Archive for April, 2012

Improving Your Outlook

April 29, 2012

If you have not already read the Healthymemory Blog Post, “Outlook,” it is recommended that you read it prior to reading the current post. You should remember that you can be too optimistic or too pessimistic, so you should first assess where you are on this outlook dimension before deciding how it might be improved. Dr. Davidson provides suggestions1 to make yourself more optimistic or less optimistic.

To increase your level of optimism, Dr. Davidson suggests the following:

Every day for a week, do these three exercises:

      1. Write down one positive characteristic of yourself and one positive characteristic of someone with whom you regularly interact. Do this three times a day. Ideally write down a different trait each time.

      2. Express gratitude regularly. Pay attention to times you say thank you and look directly into the eyes of the person you are thanking and display genuine gratitude. Keep a journal and note the specific times you felt a genuine, however brief, connection with this person to whom you expressed gratitude.

      3. Complement others regularly for such things as a job well done, a well kept yard, or something they are wearing, even if they are a stranger. Again, look directly into the eyes of the person you are complementing and record your feelings in your journal.

At the end of the week reassess your level of optimism. If you are where you think you should be, continue to monitor your optimism and repeat the above exercises if you feel you have regressed. If you think you have become too optimistic, you can try some of the suggestions for people who feel they are too optimistic.

Envision negative outcomes. Try to imagine how things could go wrong. If you are considering a purchase, be sure to consider all the negative consequences that do or could result from the purchase. To build your negativity, work at it until you think you are at the right dimension along the optimistic pessimistic outlook dimension. I would also recommend making a practice of regularly watching and reading the news.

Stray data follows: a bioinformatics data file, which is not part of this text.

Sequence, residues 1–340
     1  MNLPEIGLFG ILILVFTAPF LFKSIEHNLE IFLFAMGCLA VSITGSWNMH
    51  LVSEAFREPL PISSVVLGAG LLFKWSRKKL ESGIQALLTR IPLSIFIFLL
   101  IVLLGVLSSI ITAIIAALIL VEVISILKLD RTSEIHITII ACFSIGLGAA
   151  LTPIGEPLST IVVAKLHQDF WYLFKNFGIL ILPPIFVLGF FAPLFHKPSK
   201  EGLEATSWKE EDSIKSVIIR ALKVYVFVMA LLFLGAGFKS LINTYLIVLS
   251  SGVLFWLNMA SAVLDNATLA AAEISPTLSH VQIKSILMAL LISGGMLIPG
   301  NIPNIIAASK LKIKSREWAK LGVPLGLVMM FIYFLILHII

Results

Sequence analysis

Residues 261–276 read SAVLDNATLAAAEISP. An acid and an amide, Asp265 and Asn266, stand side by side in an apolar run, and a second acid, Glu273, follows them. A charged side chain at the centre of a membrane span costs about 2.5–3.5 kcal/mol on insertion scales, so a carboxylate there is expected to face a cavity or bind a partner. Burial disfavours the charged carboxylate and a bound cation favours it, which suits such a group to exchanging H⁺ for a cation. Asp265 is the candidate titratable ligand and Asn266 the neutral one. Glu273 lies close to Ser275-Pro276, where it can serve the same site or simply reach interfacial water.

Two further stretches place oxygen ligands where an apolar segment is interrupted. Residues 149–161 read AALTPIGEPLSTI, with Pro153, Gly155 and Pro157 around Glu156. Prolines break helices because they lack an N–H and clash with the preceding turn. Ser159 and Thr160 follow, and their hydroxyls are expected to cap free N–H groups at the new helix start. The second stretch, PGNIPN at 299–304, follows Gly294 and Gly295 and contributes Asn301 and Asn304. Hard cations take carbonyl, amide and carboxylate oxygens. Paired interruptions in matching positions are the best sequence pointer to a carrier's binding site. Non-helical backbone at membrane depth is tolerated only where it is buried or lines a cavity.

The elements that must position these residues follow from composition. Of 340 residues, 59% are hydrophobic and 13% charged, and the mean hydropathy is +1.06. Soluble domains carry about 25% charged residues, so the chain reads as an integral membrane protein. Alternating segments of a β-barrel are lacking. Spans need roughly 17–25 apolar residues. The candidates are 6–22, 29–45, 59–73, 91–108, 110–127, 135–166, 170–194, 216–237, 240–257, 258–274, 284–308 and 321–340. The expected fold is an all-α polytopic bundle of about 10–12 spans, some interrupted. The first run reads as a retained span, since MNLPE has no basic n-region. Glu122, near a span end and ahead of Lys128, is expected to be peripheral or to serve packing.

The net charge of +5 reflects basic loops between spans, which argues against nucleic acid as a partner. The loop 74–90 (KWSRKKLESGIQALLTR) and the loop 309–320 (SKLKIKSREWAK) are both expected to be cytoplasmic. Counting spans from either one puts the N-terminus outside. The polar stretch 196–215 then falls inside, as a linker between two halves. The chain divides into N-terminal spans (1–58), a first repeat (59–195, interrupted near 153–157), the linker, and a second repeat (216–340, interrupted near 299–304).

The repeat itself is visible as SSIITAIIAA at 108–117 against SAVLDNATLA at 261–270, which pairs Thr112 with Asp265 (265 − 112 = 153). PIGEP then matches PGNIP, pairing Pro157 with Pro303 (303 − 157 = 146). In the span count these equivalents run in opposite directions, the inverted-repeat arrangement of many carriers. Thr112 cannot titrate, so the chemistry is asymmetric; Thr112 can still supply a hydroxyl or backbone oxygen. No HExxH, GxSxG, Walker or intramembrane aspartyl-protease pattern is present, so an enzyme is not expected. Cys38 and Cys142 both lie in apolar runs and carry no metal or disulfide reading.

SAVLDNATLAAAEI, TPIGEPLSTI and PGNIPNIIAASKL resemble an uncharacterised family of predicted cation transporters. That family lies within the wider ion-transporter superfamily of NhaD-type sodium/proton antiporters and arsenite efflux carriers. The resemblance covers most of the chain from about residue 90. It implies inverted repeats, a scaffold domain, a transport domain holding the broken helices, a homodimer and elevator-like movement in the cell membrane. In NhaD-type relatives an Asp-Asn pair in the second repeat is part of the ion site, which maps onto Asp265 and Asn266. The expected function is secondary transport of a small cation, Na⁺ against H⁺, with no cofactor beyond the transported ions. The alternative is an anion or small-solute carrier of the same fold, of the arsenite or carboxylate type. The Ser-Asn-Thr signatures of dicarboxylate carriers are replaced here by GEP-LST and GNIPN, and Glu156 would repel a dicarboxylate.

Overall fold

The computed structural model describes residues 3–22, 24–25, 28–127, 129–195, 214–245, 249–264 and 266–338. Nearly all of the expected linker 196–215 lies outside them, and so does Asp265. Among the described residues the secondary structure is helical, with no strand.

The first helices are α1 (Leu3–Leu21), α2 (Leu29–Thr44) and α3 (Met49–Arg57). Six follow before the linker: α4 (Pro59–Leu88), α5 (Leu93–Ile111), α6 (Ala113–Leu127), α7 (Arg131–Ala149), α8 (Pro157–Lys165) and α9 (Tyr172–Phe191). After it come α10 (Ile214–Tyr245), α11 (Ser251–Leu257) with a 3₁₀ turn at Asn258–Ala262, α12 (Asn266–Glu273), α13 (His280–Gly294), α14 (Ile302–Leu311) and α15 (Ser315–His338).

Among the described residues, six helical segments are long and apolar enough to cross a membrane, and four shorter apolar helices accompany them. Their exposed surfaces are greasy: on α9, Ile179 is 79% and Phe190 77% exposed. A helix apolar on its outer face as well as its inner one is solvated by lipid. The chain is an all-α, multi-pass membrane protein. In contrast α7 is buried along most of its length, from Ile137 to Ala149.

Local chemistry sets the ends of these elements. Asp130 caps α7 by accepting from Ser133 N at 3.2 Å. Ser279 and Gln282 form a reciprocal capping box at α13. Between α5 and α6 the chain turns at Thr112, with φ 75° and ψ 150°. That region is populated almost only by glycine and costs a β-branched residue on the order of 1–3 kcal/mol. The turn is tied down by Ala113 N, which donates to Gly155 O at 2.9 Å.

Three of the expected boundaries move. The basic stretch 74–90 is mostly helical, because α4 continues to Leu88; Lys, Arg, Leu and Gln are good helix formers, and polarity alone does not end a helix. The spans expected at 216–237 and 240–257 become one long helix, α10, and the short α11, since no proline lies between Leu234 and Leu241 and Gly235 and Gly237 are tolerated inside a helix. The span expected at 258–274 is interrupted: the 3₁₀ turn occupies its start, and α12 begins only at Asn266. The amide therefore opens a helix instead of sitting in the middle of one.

You can also adjust your environment. To move to the positive end of the dimension fill your workspace and home with upbeat, optimistic gratifying times, and people who bring meaning to your life. Try to change pictures often so that you do not become habituated to them.

To move to the negative end of the dimension, fill your home and workspace with reminders of threats to your well being, such a pictures of disasters, and newspapers, magazines, and books dealing with all the problems facing the world.

If you feel you have moved too far in either direction, rearrange your environment accordingly.

1Davidson, R.J., & Begley, S. (2012). The Emotional Life of Your Brain. New York: Hudson Street Press.

Attentional Style

April 25, 2012

Attentional Style is the last of Davidson’s Six Dimensions of Emotional Style1 to be discussed. But it is certainly not the least important dimension. It is the most important dimension as regular readers of this blog should have anticipated. With respect to a healthy memory, it is the most important dimensions as memory failures are typically due to a failure to pay attention. It is also a key building block for other dimensions as it is difficult to be self-aware or to be tuned in to social cues or sensitive to social context if one is not paying attention.

Davidson notes that there are two types of attention. One is the ability to selectively attend to stimuli that are of interest and to tune out extraneous stimulus. The other type of attention is nonjudgmental awareness. These two types of attention complement each other. Without the ability to selectively attend, the amount of stimulation and information is overwhelming. However, excessive selective attention can cause you to miss important cues or information.